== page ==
Anyone married in the Orthodox Church knows that the prescribed Gospel reading for the service is John 2:1-11, the Marriage at Cana of Galilee. This reading captures the joy of the Sacrament of Matrimony, for we believe that as Christ was present in Cana, He is now present at every marriage within the Church, blessing and sanctifying this new union between a man and a woman. (The Church has never known or recognized – and never will know or recognize as “marriage”—any other kind of “union” besides that of a man and a woman). Only that which is “according to nature” is blessed within the Church. The celebrant of the service makes the connection between the marriage at Cana and every marriage within the Church by the following prayer after the crowns are removed: “O God, our God, Who didst come to Cana of Galilee, and didst bless there the marriage feast: Bless also these Thy servants, who through Thy good providence now are united in wedlock. Bless their goings out and their comings in. Fill their life with good things. Receive their crowns into Thy Kingdom, preserving them spotless, blameless, and without reproach, unto ages of ages.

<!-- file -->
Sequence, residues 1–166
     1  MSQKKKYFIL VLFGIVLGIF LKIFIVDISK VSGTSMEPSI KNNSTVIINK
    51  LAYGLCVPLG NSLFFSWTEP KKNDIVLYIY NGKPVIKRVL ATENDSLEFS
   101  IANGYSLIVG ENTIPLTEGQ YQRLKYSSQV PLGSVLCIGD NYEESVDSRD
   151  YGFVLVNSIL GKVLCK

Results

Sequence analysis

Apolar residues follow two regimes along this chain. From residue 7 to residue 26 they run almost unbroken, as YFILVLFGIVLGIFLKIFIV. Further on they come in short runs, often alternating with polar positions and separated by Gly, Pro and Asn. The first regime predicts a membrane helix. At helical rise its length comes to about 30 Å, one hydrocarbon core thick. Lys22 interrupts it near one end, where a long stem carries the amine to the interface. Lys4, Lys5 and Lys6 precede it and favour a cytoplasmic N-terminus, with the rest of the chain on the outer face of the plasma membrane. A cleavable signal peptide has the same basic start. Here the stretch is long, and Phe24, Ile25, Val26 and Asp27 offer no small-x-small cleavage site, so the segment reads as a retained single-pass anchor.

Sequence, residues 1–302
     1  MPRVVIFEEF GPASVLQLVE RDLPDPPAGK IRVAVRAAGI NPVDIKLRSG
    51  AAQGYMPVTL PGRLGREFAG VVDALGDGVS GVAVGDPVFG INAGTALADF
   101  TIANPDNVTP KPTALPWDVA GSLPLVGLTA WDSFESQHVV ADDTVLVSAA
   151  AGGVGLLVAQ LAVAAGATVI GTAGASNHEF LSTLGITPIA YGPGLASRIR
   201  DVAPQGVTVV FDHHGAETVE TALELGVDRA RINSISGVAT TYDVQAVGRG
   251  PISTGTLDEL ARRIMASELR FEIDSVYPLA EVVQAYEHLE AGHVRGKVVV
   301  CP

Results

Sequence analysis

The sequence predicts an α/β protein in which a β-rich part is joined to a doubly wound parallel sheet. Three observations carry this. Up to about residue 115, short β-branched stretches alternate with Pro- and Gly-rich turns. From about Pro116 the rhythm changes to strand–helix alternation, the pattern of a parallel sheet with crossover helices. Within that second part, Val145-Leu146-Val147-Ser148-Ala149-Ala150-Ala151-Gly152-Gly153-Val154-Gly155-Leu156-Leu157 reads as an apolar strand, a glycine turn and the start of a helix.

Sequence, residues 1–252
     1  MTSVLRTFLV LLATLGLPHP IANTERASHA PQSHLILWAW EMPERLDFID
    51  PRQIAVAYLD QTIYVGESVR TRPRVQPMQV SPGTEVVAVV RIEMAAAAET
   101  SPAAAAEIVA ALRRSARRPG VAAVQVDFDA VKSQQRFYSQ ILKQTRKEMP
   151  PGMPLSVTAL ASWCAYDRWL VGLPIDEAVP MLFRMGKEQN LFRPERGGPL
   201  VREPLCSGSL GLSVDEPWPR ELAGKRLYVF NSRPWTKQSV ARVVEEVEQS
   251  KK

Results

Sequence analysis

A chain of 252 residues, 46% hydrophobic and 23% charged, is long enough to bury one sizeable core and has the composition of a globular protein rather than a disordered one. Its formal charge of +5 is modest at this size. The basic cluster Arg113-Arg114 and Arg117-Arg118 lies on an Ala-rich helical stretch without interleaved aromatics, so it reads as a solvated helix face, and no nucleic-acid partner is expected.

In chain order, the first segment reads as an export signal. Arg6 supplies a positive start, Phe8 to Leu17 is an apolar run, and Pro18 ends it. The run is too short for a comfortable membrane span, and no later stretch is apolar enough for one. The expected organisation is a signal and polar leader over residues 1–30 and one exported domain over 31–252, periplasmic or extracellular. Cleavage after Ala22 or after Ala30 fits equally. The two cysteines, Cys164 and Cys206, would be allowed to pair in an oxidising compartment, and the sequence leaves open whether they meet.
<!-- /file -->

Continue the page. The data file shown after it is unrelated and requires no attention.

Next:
Sadly, we know that not all marriages fulfill the hope expressed in this prayer. Some do not develop well, and some are cut short and dissolve prematurely by human sin. Other marriages flourish and love remains through many years and through many trials and tribulations. Yet, the potential for a good marriage is given through the sacramental grace that is made truly present by “the all-holy, consubstantial and life-giving Trinity.” The Father, through the Son and in the Holy Spirit, bestows this grace in abundance. A “civil marriage” is one thing; but an ecclesial and sacramental marriage is another. The “water” of institutional marriage is transformed into the “wine” of a Christ-centered marriage, when husband and wife believe in Christ and the glory that He continues to manifest today as He first did at Cana in Galilee.